With a 60-year career behind him, German painter Markus Lüpertz is one of the most influential artists of postwar Germany.
In recent years, he has had major retrospectives at Munich’s Haus der Kunst (2019) and the Hirshhorn Museum and the Phillips Collection in Washington, D.C. (2017).
The eccentric painter—a literal Bohemian born in Liberec in 1941 in the present-day Czech Republic—has been working for four years in studios in Germany and Italy on the works that he is preparing to show at Michael Werner Gallery in London. The works combine Southern and Northern European painting traditions, from Renaissance paintings to Greek statuary, and revolve around the theme of Arcadia, a pastoral utopia that is at once ancient and contemporary.
We caught up with Lüpertz at his studio in Märkisch Wilmersdorf, Germany, where he told us about taking inspiration from Old Masters, his love of jazz music, and how much he loves a good bottle of wine.
What are the most indispensable items in your studio and why?
Foremost are my painting tools, a table where I hold my drawings, crayons, brushes, and paints, and a chair so I can step back and look at the work in progress from a distance. Then, natural daylight with northern exposure—just the essentials you need to get to work.
I often work on several canvases simultaneously. Our times stymie imagination with media overload, so I don’t have a cell phone—never had. There is no outside distraction. I work diligently all day. Inspiration comes through the work and process itself, so you can find me in the studio early in the morning throughout the day, working like an artist in a classic 19th- or 20th-century studio. My job as painter is to reveal the world as I see it.
Is there a picture you can send of your work in progress?
This is my studio last fall preparing for the upcoming exhibition at Michael Werner Gallery in London. The show focuses on the theme of Arcadia, a classic, pastoral utopia.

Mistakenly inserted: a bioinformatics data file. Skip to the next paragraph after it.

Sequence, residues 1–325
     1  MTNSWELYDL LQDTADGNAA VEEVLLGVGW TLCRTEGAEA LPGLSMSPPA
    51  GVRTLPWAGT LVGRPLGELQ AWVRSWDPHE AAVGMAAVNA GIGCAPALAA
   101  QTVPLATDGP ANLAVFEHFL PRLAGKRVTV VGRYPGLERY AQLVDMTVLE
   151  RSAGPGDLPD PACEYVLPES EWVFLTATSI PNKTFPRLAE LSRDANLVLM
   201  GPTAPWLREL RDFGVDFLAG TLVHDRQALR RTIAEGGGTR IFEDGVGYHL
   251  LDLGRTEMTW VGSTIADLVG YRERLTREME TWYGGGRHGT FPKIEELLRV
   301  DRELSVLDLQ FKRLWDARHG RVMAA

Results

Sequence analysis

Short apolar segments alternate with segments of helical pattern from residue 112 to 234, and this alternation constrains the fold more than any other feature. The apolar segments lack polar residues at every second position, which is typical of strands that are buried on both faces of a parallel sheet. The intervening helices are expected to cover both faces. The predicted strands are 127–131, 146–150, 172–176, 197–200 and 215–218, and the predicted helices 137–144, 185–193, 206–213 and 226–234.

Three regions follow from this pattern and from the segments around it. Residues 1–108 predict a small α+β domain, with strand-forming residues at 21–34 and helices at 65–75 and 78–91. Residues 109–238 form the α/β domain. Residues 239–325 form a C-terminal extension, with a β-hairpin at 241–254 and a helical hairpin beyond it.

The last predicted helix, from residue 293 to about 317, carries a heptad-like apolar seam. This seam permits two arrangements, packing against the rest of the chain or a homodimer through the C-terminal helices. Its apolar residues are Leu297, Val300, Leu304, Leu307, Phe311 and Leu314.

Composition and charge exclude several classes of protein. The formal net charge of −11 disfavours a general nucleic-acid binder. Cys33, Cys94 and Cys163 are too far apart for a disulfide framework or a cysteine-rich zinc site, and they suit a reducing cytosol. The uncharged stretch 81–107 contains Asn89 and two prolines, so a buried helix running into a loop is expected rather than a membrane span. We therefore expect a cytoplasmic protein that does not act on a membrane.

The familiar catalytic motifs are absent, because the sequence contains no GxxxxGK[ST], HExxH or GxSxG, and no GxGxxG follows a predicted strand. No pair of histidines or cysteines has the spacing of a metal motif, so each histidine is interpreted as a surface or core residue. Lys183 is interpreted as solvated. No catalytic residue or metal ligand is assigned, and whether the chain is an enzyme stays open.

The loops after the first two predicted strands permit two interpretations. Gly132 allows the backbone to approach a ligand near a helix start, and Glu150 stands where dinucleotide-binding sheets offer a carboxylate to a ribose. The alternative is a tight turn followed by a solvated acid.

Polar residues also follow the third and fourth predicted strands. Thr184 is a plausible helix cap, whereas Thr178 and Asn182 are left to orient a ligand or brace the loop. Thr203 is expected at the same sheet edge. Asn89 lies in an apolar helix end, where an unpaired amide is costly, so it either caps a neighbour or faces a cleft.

What is the studio task on your agenda tomorrow that you are most looking forward to?
In my early work, I wasn’t as concerned with populating the horizon in my paintings; that only came later when I turned to bronze. When you populate a horizon, you have a sky and the earth, so you put objects there. On Earth, you have the devil and the humans and your imagination. And in the sky, you have floating objects. It’s all just a game. So I work between two studios: the painting studio and the plaster and bronze workshop. In this sense, tomorrow is a continuation of today, letting my imagination either transform the canvas, or take shape in space.
What kind of atmosphere do you prefer when you work? Do you listen to music or podcasts, or do you prefer silence? Why?
I am a classic and actual Bohemian, a man of the humanities. The visual arts were and are always part of the performing arts, and all are important to me: poetry and literature, and music, opera, operetta, jazz.
Since 2003, I have published the magazine Frau und Hund which also includes some of my own writings. And I am also a jazz musician, regularly playing the piano. I have designed several sets for opera, and so music is often part of my studio practice.
What trait do you most admire in a work of art? What trait do you most despise?
Since the 1960s, we have seen a lot of isms, like the avant-garde. I have a theory that avant-gardism as a whole kept painting from developing further. Avant-gardism opened up painting, and that was a truly important epoch in art history. For a specific period of time that was necessary, as a liberation from politics, religion, academicism, all these things. But avant-gardism, like everything revolutionary, has become entrenched and therefore bourgeois. Today, avant-gardism has become a credo with its own rituals.
I strive to move past that and define something new and unique. For this, I often look back at Old Masters, [whom] I navigate between in order to arrive at a very specific visual language, a visual language of our time. I try to discover paintings where I think they’re hidden.
What snack food could your studio not function without?
I would never neglect a very good bottle of wine, but usually after dusk. Or a classic beer shared with friends playing skat.
Who are your favourite artists, curators, or other thinkers to follow on social media right now?
I don’t use social media, although you could certainly consider me social.
When you feel stuck in the studio, what do you do to get un-stuck?
I travel to workshops or change the studio. Travelling south to Tuscany to observe the way the sun hits the Italian landscape changes my perspective.
What is the last exhibition you saw (virtual or otherwise) that made an impression on you?
The works in the London show include references to a recent visit to the Rijksmuseum in Amsterdam. There is always a Vermeer, Rembrandt, Gentileschi, Füssli, or Poussin waiting to enthral me.
If you had to put together a mood board, what would be on it right now?
My worktable in the studio is my mood board, you can find everything there that I need to get to work. The rest is in my head.